We watch the clip, which is about four minutes, and the students then discuss and answer the questions in a discussion board post on Canvas in their groups. I also give them a script from the scene on Canvas to reference while they answer the questions. After this, I ask students questions as if they were in character, such as, “Elrond, what is the most important issue here?”

 

What gave you the inspiration to use film clips as part of your class activity on stasis? Did a teacher or mentor inspire you? If so, how have you maintained or changed the activity from when you first encountered it?

Amy: When I was an M.A. student learning how to teach UT’s curriculum, my mentor, Kendra Slayton, often used commercials or film clips when she was teaching, especially in the first unit, as a chance for students to analyze something familiar before moving on to less familiar genres. I think she used a clip from Batman: The Dark Knight for teaching stasis, and it really stuck in my mind. I’ve continued using commercials and video clips in my classroom whenever I can because I think it’s helpful when introducing concepts for students to see an example from a less intimidating genre, and it helps them see that it’s not just something that only exists in their English class or in formal papers.

 

Hannah: I got the idea for this activity from Amy Smith, my mentor last year. I remember we were in South Stadium Hall with very questionable Internet, so we actually had volunteers act out the scene from scripts in front of the class. We mapped the debate as a whole class. I wanted to keep the acting element and also illustrate how complicated ongoing debates can be, so the modification I made was to assign students to character groups.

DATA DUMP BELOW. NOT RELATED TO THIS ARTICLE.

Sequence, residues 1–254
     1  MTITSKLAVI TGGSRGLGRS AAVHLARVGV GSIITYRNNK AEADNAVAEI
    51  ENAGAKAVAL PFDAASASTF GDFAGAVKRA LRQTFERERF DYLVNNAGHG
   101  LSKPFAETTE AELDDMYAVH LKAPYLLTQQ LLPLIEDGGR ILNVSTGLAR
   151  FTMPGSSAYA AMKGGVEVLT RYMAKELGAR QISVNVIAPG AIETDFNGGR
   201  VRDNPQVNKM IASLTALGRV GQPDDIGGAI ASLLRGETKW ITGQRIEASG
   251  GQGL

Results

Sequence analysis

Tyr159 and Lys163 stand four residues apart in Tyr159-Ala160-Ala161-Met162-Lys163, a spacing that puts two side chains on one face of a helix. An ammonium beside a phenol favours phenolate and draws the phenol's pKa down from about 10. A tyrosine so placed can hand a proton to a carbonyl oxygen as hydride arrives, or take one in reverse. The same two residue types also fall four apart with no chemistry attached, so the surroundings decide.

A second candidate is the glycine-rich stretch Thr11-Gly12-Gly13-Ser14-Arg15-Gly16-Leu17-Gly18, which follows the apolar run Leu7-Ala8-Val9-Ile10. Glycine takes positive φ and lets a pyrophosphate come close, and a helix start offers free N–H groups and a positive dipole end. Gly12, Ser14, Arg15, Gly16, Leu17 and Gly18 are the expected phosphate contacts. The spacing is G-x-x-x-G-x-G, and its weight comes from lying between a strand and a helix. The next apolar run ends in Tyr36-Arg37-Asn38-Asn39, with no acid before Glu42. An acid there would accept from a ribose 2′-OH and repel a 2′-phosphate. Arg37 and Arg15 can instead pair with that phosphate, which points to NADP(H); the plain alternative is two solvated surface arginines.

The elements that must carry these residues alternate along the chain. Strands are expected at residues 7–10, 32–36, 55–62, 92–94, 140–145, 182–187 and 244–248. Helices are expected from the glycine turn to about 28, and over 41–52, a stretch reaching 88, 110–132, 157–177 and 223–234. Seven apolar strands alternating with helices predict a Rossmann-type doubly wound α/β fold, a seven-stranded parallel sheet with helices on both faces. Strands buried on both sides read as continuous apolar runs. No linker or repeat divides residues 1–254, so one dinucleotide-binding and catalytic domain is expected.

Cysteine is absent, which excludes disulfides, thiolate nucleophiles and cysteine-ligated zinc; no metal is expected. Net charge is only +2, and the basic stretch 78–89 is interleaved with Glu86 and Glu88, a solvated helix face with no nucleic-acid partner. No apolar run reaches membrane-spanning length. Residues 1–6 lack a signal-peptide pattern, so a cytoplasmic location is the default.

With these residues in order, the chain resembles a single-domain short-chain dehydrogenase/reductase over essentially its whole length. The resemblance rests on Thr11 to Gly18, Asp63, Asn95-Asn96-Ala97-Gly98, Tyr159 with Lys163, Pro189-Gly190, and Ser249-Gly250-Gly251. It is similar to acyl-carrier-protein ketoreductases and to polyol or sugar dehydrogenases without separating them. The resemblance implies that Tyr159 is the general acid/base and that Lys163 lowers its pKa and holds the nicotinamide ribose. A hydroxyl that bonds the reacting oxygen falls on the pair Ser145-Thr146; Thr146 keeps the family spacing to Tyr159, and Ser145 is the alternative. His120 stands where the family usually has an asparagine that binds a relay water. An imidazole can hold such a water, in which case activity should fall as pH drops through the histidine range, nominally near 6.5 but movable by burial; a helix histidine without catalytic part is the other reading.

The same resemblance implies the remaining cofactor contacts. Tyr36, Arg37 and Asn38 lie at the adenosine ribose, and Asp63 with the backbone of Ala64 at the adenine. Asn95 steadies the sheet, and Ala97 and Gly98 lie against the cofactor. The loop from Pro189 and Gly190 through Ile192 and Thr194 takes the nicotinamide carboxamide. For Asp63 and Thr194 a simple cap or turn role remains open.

Why is The Lord of the Rings a good film for this activity? Have you ever used other film clips to help illustrate stasis theory?

Amy: I think the “Council of Elrond” scene from The Lord of the Rings is great for this activity because the purpose of the meeting is very clear: Elrond has called them there to figure out what to do about the Ring. Likewise, the arguments made tend to be very clear cut—Aragorn and Boromir, for example, argue about whether or not the Ring can be used by someone other than Sauron. Gimli is more concerned with not letting an elf have the Ring than with anything else, so the scene also provides examples of people in a debate that aren’t really talking about the same thing as everyone else (which Hannah’s version of the activity really emphasizes). It’s just a great first example all around.

I’m a huge fan of The Lord of the Rings, so when I was trying to think of film clips of people arguing, the council scene was the first one to come to mind. The Fellowship of the Ring is the only film I’ve used for this activity so far, but I think there could also be some good clips in recent superhero movies like Avengers: Age of Ultron or Captain America: Civil War. I might look into using those in the future.